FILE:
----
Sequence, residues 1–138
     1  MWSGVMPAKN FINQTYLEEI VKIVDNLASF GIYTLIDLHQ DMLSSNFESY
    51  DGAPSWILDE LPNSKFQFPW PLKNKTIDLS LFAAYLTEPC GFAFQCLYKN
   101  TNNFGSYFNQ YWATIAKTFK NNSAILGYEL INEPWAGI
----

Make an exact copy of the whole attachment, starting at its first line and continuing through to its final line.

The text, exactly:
Sequence, residues 1–138
     1  MWSGVMPAKN FINQTYLEEI VKIVDNLASF GIYTLIDLHQ DMLSSNFESY
    51  DGAPSWILDE LPNSKFQFPW PLKNKTIDLS LFAAYLTEPC GFAFQCLYKN
   101  TNNFGSYFNQ YWATIAKTFK NNSAILGYEL INEPWAGI